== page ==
After a week of positives from May retail sales results and additional easing measures from the Federal Reserve, the market rebounded from a down week and ended in positive territory. Friday took a step back as a familiar foe in the COVID-19 pandemic reminded us there is still a long way to go before we can return to our normal lives, as a few states reported a rise in cases putting the thought of a V-shaped recovery in jeopardy.
A positive take away from last week was the May retail sales data. Retail sales posted an impressive rebound from April’s sharp drop off and even surpassed most expectations. Celebrating a big win for the month is understandable, but it needs to be taken in context. March and April were awful months since most people were quarantined at home and only buying essentials if they did go out. This should have led us to expect a strong rebound at some point. Perhaps May’s rebound was earlier and stronger than expected—which is great—but we need to remember there is a long way to go. May sales indicate people are willing to go out, shop, and get back to spending money. However, stocks traded as if we hit a new high in retail sales when, in reality, we are not even close to being back to pre-COVID levels. It is important that we do not overreact to one piece of positive news but rather wait to see what the next few months hold.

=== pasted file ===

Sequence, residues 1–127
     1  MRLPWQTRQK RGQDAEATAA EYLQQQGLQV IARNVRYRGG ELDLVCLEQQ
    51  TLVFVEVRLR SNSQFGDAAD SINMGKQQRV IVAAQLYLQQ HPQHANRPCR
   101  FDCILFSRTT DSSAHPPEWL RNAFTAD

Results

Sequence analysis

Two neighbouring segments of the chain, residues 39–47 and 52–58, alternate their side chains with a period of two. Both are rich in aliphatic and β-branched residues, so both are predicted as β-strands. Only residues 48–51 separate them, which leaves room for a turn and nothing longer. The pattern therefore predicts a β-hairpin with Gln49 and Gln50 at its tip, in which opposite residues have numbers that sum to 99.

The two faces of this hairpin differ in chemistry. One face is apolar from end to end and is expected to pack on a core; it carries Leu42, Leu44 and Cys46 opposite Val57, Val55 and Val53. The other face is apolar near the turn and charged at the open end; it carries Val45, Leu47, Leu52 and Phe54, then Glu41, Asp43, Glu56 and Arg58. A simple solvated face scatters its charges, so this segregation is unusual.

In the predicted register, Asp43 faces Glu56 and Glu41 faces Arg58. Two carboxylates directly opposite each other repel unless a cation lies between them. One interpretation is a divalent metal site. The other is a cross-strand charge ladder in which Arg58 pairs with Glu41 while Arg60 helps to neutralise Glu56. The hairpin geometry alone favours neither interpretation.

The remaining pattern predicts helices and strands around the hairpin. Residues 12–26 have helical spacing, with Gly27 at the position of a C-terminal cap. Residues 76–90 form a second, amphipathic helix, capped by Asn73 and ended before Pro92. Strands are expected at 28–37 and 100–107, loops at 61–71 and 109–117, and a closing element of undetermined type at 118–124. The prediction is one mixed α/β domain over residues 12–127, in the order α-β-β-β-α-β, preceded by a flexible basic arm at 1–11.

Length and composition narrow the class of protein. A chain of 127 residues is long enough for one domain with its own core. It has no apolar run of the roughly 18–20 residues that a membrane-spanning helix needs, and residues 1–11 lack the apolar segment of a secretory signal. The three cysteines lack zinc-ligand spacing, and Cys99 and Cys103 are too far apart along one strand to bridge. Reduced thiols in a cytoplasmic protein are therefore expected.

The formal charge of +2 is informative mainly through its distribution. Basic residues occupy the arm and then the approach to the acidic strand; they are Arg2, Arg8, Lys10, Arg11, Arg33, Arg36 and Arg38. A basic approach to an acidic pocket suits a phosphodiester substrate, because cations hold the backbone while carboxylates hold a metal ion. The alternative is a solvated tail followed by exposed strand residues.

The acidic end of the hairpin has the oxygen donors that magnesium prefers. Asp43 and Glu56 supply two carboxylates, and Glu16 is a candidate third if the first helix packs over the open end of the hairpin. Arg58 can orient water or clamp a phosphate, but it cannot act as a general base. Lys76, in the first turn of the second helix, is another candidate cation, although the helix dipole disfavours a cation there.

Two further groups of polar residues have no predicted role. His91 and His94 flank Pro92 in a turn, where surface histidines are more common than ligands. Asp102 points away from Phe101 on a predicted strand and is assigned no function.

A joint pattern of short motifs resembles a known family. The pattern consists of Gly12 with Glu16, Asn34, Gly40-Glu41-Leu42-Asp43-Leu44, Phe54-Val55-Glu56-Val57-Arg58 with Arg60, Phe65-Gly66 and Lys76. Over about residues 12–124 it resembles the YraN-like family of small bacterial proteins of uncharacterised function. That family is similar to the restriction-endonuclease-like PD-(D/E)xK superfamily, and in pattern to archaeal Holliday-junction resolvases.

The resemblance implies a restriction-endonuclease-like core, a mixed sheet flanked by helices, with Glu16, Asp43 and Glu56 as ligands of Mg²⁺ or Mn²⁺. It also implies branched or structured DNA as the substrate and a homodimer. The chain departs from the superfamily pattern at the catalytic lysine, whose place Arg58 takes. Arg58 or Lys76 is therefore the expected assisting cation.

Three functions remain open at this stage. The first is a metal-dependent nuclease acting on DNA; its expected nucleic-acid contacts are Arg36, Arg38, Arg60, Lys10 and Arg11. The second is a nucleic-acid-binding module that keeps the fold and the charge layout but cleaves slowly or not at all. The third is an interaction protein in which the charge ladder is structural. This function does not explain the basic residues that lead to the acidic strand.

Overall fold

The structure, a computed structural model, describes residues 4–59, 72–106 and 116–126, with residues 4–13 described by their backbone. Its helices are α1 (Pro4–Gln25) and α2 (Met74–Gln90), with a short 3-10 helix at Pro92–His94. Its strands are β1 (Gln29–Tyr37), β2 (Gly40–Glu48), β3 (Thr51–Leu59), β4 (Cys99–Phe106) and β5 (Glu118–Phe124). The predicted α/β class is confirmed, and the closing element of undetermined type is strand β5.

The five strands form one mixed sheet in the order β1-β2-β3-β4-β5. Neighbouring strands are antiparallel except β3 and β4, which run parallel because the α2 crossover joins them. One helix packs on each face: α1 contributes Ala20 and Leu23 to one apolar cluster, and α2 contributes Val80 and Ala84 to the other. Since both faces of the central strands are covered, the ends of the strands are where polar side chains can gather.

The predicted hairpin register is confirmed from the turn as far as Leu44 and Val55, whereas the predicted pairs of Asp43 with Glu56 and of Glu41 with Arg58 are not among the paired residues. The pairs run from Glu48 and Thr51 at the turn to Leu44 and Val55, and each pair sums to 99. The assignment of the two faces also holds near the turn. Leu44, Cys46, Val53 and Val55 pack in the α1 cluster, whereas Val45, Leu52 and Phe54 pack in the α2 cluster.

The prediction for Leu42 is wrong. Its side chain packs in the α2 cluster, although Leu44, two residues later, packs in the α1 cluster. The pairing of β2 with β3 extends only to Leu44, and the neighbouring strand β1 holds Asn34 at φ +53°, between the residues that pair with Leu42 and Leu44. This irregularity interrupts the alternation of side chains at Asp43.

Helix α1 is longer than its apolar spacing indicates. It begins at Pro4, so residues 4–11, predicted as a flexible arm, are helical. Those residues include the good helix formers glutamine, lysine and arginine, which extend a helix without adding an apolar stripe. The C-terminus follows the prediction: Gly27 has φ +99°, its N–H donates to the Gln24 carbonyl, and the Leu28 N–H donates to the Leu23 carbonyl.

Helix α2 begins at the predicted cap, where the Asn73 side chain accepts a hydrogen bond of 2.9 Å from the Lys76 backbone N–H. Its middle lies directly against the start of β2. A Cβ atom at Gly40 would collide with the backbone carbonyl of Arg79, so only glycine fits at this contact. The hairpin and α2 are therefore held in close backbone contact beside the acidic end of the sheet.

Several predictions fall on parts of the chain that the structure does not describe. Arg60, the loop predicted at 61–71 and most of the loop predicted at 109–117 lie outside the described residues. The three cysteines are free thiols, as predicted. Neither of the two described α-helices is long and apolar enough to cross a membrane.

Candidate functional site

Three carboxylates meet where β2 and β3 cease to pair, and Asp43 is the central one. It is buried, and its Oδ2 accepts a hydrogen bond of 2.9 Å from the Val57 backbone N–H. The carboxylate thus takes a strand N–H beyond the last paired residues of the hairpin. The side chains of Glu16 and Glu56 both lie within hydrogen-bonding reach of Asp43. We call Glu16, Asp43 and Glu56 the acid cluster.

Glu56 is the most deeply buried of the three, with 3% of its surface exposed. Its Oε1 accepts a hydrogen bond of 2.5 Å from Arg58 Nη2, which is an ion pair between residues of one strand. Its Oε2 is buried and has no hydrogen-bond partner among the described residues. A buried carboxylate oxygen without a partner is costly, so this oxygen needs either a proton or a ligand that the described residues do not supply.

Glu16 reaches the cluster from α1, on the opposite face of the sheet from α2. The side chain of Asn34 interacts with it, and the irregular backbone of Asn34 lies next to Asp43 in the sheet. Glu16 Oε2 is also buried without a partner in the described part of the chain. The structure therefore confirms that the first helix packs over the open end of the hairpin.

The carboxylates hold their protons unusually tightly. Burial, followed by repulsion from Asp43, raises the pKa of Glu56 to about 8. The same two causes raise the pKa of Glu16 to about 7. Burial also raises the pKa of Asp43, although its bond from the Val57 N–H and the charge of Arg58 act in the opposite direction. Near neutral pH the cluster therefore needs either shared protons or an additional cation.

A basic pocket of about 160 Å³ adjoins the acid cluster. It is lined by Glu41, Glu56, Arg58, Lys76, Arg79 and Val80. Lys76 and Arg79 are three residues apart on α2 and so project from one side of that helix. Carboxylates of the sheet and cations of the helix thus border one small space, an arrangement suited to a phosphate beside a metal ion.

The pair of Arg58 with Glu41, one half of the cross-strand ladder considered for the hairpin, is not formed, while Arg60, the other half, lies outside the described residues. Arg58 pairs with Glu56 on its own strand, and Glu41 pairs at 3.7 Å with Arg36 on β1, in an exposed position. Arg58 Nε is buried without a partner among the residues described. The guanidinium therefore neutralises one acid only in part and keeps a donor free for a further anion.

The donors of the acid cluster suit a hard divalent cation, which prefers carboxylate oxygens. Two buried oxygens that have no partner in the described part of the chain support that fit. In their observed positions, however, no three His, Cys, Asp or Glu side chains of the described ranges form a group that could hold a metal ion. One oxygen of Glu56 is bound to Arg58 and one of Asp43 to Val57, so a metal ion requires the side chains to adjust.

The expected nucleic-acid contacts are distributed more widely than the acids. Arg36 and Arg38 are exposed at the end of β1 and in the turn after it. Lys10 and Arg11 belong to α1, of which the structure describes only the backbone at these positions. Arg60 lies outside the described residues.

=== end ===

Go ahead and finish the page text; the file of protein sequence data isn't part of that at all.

The Federal Reserve also delivered a boost to the market last week when they announced they would be purchasing individual corporate bonds, expanding from when they began buying ETFs just a few months ago. This is yet another signal to the market that the Fed will do anything within their power to support financial markets through this COVID pandemic, and most likely beyond. The Fed is now the lender of last resort in many bond markets, which effectively puts a floor on these bonds. Fed Chair Jerome Powell could be taking a page out of the book of former chair of the European Central Bank (Europe’s Fed), Mario Draghi. In 2012, Draghi announced a program to back European sovereign debt; since then, the ECB has not spent anything on the program. Investors knowing the ECB will jump in has been enough assurance to keep calm in those markets, which could be the Fed’s goal.
While the market seems to have strong reactions to positive data, risks remain. Although it is easy to forget those risks with the run we have seen in recent weeks, it is difficult to know how markets will react to each piece of new information. However, maintaining a diversified portfolio remains the best way to navigate these short-term events and have long-term success.
Author: Joe Clark, CFA | Research Team | Allegheny Financial Group | June 2020
The information included herein was obtained from sources which we believe reliable. This report is being provided for informational purposes only. It does not represent any specific investment and is not intended to be an offer of sale of any kind. Past performance is not a guarantee of future results.
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